While the sale of the iconic Be Beers diamond conglomerate to Anglo American did not take industry watchers by surprise, the deal making revealed outstanding business shrewdness by Botswana.
The news of De Beers sale to Anglo American was dramatic but, in truth, not the biggest surprise for the region’s mining and financial community. The market had been wired with rumour for months and De Beers had done little to quieten the gossip mill, spicing the issue by selling a clutch of prime South African diamond mines that included the glamour properties of Kimberley and Cullinan.
At more or less the same time the Oppenheimer family, owners of the diamond giant, were also disposing of much of their shareholding in mining giant Anglo American. Not long ago the Oppenheimers owned some 8% of it; this has dwindled to less than 2% today with the family offloading Anglo scrip mostly to Chinese buyers. The De Beers shareholding (until its sale to Anglo is formalised in the middle of 2012) is Anglo 45%, Oppenheimer family 40% with 15% held by the Botswana government. Why did the Oppenheimers choose this moment to sell, and why so cheaply? After all, the diamond business had begun a stellar recovery from a torrid spell during the 2008/09 recession. The price fetched for Oppenheimer’s 40% was considered a bargain by market watchers. Leading diamond analyst, Royal Bank of Canada’s Des Kilalea, said “the price agreed is some 30% below our valuation”. Other estimates put the market price even higher.
“What is important to realise,” says Tel Aviv-based diamond industry analyst Chaim Even-Zohar, “is that Botswana’s clever contract renewal negotiations limited the Oppenheimer’s options.”
Botswana plays the market
The government of Botswana had been keeping a quiet eye on the Oppenheimers’ disposal of their Anglo shares, alert to the persistent market buzz that they could be contemplating an exit from the diamond business. Why the interest?
“The last thing Botswana wanted was to take the risk that it suddenly would have a Chinese partner,” reports Even-Zohar. “It needed to put in safeguards. It wanted to use its 15% stake as leverage to control its diamond future.” Coincidentally, Botswana’s marketing agreement with De Beers was up for renegotiation around the same time the Oppenheimers were preparing to announce their interest of quitting the business.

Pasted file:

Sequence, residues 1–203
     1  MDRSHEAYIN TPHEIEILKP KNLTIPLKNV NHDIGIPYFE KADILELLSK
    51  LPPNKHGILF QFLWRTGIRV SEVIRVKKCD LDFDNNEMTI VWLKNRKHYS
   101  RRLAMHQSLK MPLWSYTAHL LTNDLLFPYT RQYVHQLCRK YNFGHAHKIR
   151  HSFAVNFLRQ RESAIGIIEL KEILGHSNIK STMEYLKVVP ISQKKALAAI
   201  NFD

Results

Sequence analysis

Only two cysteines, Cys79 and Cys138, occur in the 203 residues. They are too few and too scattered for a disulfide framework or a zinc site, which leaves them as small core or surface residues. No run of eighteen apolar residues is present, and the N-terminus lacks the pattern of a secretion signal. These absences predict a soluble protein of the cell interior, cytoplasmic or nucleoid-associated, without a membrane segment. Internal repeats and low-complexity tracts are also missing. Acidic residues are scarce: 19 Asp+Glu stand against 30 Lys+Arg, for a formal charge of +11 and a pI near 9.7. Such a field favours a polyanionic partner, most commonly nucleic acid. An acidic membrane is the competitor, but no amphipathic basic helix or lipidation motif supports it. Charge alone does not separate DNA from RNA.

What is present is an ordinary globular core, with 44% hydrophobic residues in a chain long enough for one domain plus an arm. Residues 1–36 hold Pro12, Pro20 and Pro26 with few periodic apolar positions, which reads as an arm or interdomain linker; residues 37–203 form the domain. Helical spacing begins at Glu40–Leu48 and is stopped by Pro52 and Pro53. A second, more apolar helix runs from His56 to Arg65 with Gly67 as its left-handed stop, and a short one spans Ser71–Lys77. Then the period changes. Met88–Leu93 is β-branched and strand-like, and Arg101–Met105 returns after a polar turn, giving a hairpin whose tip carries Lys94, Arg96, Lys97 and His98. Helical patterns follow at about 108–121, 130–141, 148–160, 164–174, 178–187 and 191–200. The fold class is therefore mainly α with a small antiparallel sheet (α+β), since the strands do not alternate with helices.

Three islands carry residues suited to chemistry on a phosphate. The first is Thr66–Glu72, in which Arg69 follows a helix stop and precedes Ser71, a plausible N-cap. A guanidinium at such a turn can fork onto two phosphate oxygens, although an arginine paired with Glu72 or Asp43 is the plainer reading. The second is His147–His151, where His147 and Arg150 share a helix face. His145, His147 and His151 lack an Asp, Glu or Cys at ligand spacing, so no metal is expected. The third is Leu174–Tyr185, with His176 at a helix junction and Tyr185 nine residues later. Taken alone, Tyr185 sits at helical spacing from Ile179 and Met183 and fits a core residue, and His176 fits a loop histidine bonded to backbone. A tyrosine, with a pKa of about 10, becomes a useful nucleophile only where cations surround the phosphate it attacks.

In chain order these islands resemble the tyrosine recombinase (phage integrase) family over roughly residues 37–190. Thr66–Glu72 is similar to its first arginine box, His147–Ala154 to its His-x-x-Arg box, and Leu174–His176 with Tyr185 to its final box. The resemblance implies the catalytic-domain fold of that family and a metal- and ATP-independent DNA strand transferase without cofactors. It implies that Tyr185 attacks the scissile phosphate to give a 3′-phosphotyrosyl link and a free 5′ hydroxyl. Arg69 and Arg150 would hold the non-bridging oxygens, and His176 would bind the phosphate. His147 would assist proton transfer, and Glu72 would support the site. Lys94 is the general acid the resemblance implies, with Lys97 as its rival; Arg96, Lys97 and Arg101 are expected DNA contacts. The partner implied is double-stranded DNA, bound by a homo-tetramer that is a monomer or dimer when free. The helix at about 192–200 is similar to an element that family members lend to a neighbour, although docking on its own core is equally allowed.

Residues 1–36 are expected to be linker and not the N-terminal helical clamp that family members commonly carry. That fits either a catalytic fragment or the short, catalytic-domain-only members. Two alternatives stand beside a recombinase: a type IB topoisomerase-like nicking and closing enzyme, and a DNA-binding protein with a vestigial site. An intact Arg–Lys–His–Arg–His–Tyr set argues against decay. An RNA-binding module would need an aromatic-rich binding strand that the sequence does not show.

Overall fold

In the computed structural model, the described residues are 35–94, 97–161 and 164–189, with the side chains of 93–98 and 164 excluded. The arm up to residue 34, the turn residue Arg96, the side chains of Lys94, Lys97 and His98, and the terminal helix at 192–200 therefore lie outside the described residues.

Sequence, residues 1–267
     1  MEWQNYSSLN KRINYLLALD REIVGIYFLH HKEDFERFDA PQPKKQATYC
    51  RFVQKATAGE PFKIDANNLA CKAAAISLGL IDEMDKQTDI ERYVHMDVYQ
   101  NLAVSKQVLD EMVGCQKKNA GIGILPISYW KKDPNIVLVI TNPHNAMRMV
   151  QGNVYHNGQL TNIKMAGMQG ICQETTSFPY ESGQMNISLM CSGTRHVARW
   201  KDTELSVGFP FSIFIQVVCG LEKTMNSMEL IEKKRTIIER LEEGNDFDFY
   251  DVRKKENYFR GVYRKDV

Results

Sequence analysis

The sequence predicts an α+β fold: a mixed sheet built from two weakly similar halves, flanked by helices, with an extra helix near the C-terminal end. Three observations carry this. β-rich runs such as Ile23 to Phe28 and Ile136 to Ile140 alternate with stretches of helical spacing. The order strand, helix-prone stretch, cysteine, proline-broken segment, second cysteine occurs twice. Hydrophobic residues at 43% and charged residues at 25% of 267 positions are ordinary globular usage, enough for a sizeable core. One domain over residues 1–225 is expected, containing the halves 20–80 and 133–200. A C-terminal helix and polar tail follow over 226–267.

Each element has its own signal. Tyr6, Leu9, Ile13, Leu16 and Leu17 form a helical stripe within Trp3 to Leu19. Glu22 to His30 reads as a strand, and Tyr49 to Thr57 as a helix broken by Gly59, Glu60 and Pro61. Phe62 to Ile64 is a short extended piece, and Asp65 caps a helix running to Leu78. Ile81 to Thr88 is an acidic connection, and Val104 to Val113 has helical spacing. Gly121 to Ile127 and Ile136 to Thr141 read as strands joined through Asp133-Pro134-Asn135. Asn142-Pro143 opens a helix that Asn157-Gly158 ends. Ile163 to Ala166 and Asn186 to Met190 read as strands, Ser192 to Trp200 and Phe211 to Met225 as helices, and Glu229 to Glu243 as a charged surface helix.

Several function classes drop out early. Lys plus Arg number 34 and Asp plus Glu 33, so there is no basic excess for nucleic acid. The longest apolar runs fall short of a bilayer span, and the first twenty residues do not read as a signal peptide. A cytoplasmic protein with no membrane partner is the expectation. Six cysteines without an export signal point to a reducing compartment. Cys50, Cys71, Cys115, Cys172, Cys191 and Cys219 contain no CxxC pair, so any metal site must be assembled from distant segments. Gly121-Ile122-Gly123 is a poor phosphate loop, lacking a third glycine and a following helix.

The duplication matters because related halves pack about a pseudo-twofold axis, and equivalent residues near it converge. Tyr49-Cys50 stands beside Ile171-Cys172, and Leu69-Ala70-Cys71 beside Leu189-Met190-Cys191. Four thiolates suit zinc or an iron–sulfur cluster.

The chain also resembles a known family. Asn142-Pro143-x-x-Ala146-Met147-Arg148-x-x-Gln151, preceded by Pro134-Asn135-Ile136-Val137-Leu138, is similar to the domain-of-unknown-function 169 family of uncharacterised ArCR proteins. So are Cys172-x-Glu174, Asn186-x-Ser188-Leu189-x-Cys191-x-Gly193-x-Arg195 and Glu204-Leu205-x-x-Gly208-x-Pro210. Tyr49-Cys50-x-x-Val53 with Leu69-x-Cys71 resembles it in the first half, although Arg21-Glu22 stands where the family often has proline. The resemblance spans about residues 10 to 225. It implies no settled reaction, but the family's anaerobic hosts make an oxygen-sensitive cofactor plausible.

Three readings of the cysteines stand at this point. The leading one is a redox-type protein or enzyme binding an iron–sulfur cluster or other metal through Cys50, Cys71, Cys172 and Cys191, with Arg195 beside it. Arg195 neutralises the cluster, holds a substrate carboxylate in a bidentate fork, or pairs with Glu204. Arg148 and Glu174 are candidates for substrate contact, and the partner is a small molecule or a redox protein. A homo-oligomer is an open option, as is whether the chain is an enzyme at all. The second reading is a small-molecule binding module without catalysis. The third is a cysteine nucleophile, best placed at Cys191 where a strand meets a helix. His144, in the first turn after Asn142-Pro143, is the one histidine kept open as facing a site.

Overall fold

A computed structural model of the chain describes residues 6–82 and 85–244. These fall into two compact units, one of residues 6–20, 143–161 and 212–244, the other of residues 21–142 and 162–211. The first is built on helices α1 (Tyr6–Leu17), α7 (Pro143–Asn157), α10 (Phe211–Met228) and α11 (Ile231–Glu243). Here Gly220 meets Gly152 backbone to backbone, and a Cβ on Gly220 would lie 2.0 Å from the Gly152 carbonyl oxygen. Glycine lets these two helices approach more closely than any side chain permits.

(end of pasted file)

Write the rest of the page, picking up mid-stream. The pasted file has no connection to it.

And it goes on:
The talks were under way in early 2011 with De Beers’ Diamond Trading Company CEO Varda Shine and her team fine-tuning the renewal of the 10-year contract that bound De Beers and the Botswana government, when they ground to a halt. The signing should have been routine, but it was delayed again and again around one persistent sticking point – a single clause insisted on by Botswana that would allow it to renegotiate the contract if there was a change in shareholding.
Both Anglo American and the Oppenheimer family’s Central Holding Company dug in their heels. Botswana wouldn’t budge – well aware it held the ace of trumps: the enormously valuable 10-year bankable marketing contract. The players all knew that a package of De Beers’ shares is worth far more with a lengthy guaranteed diamond off-take agreement with Botswana, than without it. Being the world’s biggest producer of gem-quality stones made Botswana’s case iron-clad. In the end a Botswana-led shareholders’ compromise was arrived at which specified that the contract would not be renegotiable if the shareholding changed among the existing shareholders.
“This had dramatic financial consequences for the Oppenheimers,” says Even-Zohar, “delivering optimum value if their shares were sold either to Anglo American or to Botswana, or both. Selling to a third party became a lesser option. The Botswana government had used its leverage skilfully and denied the Oppenheimers the opportunity to shop around.”
News and details of the sale were presented in glossy wrapping. Nicky Oppenheimer told staff and clients that “if we were ever to sell our stake in De Beers, Anglo American was always going to be its natural home as they have been major shareholders in De Beers since 1926 and have a good knowledge of the diamond business”.
The agreement allows Botswana to exercise its pre-emptive rights and increase its own shareholding to 25%, leaving Anglo with 75%. In a statement, the Botswana government says that “this option will be explored in the coming months”, letting it be known that it was in no rush.
In terms of the agreement Botswana can make the final decision on whether or not to buy any time before the deal is actually closed in the middle of next year.
“This gives Botswana the opportunity of buying at a reasonable price, but it will still need $1.3bn in cash to do so,” observes the Israeli analyst. “When, in mid-November, the Anglo American chairman and Nicky Oppenheimer visited Botswana to inform President Ian Khama of the deal, the Botswana president had reason to be satisfied. The one clause that had held up the marketing agreement for such a long time had paid off. Never before had the country exercised the amount of leverage and influence on a De Beers share transaction.”
In the final analysis, however, Anglo American is the real winner. Prior to the sale it had a 45% holding it wasn’t managing. The stake was not consolidated on its balance sheet and it could not use its shareholding as collateral to reduce its financing costs. That all changed thanks to the final text of the Botswana agreement, providing as it did the opportunity to buy the Oppenheimer family stake at a reasonable price.
“What a difference one clause in a marketing contract can make,” reflects Even-Zohar.